Thursday, 17 Oct 2019

ANU researchers achieve more than 26% efficeincy for perovskite/silicon tandem solar cells

The researchers believe this will lead the way to making low-cost perovskite solar cells a viable alternative to silicon solar cells

4 Apr 2017 | Editor

Researchers at The Australian National University (ANU) have announced they have achieved a new record efficiency for low-cost semi-transparent perovskite solar cells which they believe moves closer towards lowering the cost of generating solar electricity.

The team led by The Duong from the ANU Research School of Engineering have achieved more than 26% efficiency in converting sunlight into energy, which they researcher said could help make perovskite solar cells a viable alternative to existing silicon cells.

The researchers achieved 26 per cent efficiency by mechanically combining perovskite with silicon solar cells. Silicon solar cell technology is about 90 per cent of the solar market, but scientists around the world are working to find a way to make them more efficient, affordable, stable and reliable.

ANU - Two full perovskite cells with a perovskite film

Figure: ANU - Two full perovskite cells with a perovskite film

The research has been supported by AU$3.6 million in funding from the Australian Renewable Energy Agency.

The research work was part of the "High-efficiency silicon/perovskite solar cells" project led by University of New South Wales with research partners ANU, Monash University, Arizona State University, Suntech R&D Australia Pty Ltd and Trina Solar.

The Duong, a PhD student at The Australian National University, said, "Until now efficiencies of this kind have only been achieved using high cost materials normally used on satellites." The Duong added, "We are now a step closer to a low cost alternative."
Professor Kylie Catchpole from the ANU Research School of Engineering said "The advances in solar technology were good news for consumers, although the perovskite cells were not yet ready for use on rooftops." Kylie added, that "This breakthrough opens the way to increasing the efficiency of silicon solar cells further, and in a cheap way." Kylie concluded by saying, "The key challenge for now is achieving the same stability as we have with silicon solar cells that can be put out on a roof for 20 years using perovskite. Over the next few years we are planning to increase efficiencies to 30 per cent and beyond."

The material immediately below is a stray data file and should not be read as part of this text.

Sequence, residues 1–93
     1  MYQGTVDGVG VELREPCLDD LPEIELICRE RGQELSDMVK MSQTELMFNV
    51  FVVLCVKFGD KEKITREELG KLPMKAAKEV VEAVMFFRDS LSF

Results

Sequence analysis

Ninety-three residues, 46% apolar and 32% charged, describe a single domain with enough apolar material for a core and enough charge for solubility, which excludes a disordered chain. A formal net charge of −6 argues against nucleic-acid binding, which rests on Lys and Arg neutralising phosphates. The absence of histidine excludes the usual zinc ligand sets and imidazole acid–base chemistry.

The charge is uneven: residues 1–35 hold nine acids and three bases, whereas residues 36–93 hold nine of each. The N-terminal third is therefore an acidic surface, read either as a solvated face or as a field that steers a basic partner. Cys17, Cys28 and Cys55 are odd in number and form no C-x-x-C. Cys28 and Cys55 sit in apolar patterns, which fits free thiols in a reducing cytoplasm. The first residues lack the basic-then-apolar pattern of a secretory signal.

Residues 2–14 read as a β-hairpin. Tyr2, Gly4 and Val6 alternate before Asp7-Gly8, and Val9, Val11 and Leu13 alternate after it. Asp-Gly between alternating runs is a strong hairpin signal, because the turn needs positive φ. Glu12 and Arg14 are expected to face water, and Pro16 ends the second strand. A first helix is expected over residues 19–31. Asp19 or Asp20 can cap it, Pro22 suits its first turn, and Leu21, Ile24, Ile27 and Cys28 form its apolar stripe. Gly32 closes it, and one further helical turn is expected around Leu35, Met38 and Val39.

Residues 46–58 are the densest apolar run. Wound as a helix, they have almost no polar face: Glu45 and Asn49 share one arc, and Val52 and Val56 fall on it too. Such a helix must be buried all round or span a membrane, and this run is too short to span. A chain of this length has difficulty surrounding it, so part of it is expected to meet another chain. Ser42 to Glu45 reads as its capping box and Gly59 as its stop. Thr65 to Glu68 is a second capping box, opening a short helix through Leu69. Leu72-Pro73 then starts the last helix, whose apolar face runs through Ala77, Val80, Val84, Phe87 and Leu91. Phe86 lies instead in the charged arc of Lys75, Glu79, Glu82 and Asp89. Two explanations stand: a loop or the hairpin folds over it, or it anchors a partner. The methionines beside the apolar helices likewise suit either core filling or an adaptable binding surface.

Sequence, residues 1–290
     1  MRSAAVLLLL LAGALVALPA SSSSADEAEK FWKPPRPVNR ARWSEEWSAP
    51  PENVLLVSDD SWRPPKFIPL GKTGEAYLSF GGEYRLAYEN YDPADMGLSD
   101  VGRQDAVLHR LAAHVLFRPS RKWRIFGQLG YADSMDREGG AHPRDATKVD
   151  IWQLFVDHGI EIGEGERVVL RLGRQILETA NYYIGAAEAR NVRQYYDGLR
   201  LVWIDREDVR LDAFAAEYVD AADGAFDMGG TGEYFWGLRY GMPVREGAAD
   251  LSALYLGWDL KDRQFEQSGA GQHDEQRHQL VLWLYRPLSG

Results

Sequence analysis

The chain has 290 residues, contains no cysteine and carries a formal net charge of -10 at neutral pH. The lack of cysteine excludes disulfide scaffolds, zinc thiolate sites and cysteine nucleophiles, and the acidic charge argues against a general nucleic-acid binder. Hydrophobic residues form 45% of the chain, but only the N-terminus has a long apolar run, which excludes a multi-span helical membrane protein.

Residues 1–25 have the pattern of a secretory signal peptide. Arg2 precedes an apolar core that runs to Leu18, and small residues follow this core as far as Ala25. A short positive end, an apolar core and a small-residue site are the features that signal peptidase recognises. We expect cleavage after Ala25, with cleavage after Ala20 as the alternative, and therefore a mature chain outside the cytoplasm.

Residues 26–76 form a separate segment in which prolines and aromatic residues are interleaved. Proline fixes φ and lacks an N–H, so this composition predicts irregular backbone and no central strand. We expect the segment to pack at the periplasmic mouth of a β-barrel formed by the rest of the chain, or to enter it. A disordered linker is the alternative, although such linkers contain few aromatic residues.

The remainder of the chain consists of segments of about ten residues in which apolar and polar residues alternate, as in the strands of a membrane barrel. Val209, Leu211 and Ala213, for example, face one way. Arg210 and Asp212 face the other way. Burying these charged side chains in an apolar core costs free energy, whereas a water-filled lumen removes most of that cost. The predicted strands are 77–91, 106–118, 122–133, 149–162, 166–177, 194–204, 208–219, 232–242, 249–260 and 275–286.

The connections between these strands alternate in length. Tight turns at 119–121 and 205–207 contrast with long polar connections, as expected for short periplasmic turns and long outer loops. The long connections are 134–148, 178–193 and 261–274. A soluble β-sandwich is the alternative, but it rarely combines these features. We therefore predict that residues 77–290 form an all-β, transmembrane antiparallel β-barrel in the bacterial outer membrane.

Rubidium Multication Perovskite with Optimized Bandgap for Perovskite-Silicon Tandem with over 26% Efficiency

The Duong | YiLiang Wu | Heping Shen | Jun Peng | Xiao Fu | Daniel Jacobs | Er-Chien Wang | Teng Choon Kho | Kean Chern Fong | Matthew Stocks | Evan Franklin | Andrew Blakers | Ngwe Zin | Keith McIntosh | Wei Li | Yi-Bing Cheng | Thomas P. White | Klaus Weber | Kylie Catchpole

First published: 4 April 2017 | DOI: 10.1002/aenm.201700228


Rubidium (Rb) is explored as an alternative cation to use in a novel multication method with the formamidinium/methylammonium/cesium (Cs) system to obtain 1.73 eV bangap perovskite cells with negligible hysteresis and steady state efficiency as high as 17.4%. The study shows the beneficial effect of Rb in improving the crystallinity and suppressing defect migration in the perovskite material. The light stability of the cells examined under continuous illumination of 12 h is improved upon the addition of Cs and Rb. After several cycles of 12 h light–dark, the cell retains 90% of its initial efficiency. In parallel, sputtered transparent conducting oxide thin films are developed to be used as both rear and front transparent contacts on quartz substrate with less than 5% parasitic absorption of near infrared wavelengths. Using these developments, semi-transparent perovskite cells are fabricated with steady state efficiency of up to 16.0% and excellent average transparency of ≈84% between 720 and 1100 nm. In a tandem configuration using a 23.9% silicon cell, 26.4% efficiency (10.4% from the silicon cell) in a mechanically stacked tandem configuration is demonstrated which is very close to the current record for a single junction silicon cell of 26.6%.


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